Additionally, instead of being submitted to the House hopper, a Member may offer a resolution on the floor as a “Question of the Privileges of the House”. However, this Member must give notice of their intent to take this course of action unless they are the majority and the minority leader, who do not need to give notice; their resolutions are considered immediately, granted they qualify. For example, if the resolution offered from the floor proposed a committee investigation instead of the direct impeachment of an official, this would not qualify as a question of the privileges of the House. Regardless, if this happens, the Speaker must consider the offered resolution within two legislative days (Rybicki, 2019).
I believe that having a time restraint on how quickly a resolution must be considered also adds to the honor of the system. Not only does this allow the inquiry to proceed in a timely manner, but by demanding a decision rather quickly, the Speaker has less time for very deep deliberation and is therefore able to think more straightforward without bias and emotion and make a logical decision based solely on the facts presented.
A resolution raised in this way could be discarded in a multitude of ways. For example, it could be deferred to the Judiciary Committee instead of voting on it directly, effectively placing the resolution at the same status level it would be at if it were submitted through the hopper. The House could even motion to table the resolution, which would immediately dispose of it (“The Impeachment Process”).
This method of impeachment has been attempted several times. However, it has never directly led to the approval of the articles of impeachment. In every case where an official was actually impeached, the House of Representatives conducted an investigation for the inquiry and contemplated recommendations (Rybicki, 2019). This is another thing that makes the impeachment process a relatively fair one. The House doesn’t generally jump to conclusions. They prefer to have all of the evidence beforehand to make an informed decision.
Investigations: Outside Material
Evidence and information in reference to the misconduct of an official regarding their impeachment inquiry may reach the House of Representatives and committee before the adoption of the resolution actually occurs, which would officially direct a committee to conduct an investigation. This is because this type of material – including, but not limited to, petitions and reports - may be submitted by citizens of the United States. Additionally, standing, or existing committees are able to conduct authorized investigations and research charges related to the inquiry before the adoption of the resolution itself (Rybicki, 2019).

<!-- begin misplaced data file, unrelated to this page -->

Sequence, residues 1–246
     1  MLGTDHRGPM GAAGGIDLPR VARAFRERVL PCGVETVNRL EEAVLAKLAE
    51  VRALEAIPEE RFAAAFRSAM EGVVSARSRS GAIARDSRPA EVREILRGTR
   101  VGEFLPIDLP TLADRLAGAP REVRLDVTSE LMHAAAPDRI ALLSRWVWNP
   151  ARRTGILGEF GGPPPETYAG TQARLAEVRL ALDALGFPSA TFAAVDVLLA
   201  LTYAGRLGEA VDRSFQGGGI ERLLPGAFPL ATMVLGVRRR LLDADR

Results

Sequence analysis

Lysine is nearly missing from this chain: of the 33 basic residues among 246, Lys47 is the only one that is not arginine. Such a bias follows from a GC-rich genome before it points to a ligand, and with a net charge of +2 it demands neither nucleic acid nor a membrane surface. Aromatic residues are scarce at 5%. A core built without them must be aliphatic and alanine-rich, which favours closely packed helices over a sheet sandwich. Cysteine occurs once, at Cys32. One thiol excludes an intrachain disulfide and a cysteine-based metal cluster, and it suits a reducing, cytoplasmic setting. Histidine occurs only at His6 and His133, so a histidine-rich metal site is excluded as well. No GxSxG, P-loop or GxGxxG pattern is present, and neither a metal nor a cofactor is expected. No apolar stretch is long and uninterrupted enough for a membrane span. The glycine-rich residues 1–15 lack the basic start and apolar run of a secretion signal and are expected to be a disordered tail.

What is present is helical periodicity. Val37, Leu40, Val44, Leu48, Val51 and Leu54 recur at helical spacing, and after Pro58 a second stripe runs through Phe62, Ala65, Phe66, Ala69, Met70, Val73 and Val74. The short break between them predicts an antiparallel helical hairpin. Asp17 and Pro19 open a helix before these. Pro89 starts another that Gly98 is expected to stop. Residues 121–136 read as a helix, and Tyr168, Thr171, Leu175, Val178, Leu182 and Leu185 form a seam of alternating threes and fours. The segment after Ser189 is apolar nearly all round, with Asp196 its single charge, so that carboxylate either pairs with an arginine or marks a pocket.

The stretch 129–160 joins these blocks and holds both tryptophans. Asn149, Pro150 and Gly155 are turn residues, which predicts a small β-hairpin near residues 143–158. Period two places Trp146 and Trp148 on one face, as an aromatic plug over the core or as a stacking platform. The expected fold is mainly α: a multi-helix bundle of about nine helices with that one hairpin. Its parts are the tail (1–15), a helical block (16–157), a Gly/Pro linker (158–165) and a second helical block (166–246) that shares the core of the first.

This is one of the biggest things that I believe makes the process fair. The fact that citizens are able to provide input on the impeachment by supplying materials that are germane to the misconduct of the official is honorable. This makes it so that the impeachable offences are less likely to go unnoticed and the variety of evidence provided ensures the likelihood of the official receiving appropriate consequences.
Authorization of the Investigation
If the initial resolution was submitted through the hopper and ultimately referred to the Committee of Rules, the Committee of Rules then chooses whether to report the resolution to the full House of Representatives for consideration. If they decide to report it, the resolution would be deemed “privileged” at that point, meaning that it could potentially be called up to the floor (Rybicki, 2019).
The process of consideration of the articles of impeachment is very strict and complex. The resolution is considered under special circumstances collectively known as the “hour rule”. The Members are able to speak for an hour, however, a numerical majority can vote to end the debate. The member who initially compiled the resolution would be recognized for one hour under this rule and debate can last for that hour or less, since a majority in the House could agree to order the previous question on the resolution. When this happens, the debate ends and thereby, the opportunity for amendment ends too. A motion to recommit the resolution could be offered, but it would no longer be debatable at this point. Additionally, the House could consider the resolution under any of its regular processes, including suspension the rules, a ruling from the Rules Committee, or a unanimous vote. The two most recent resolutions brought to the House were taken up by unanimous vote. Both resolutions concerned federal judges and were agreed to without debate (Rybicki, 2019).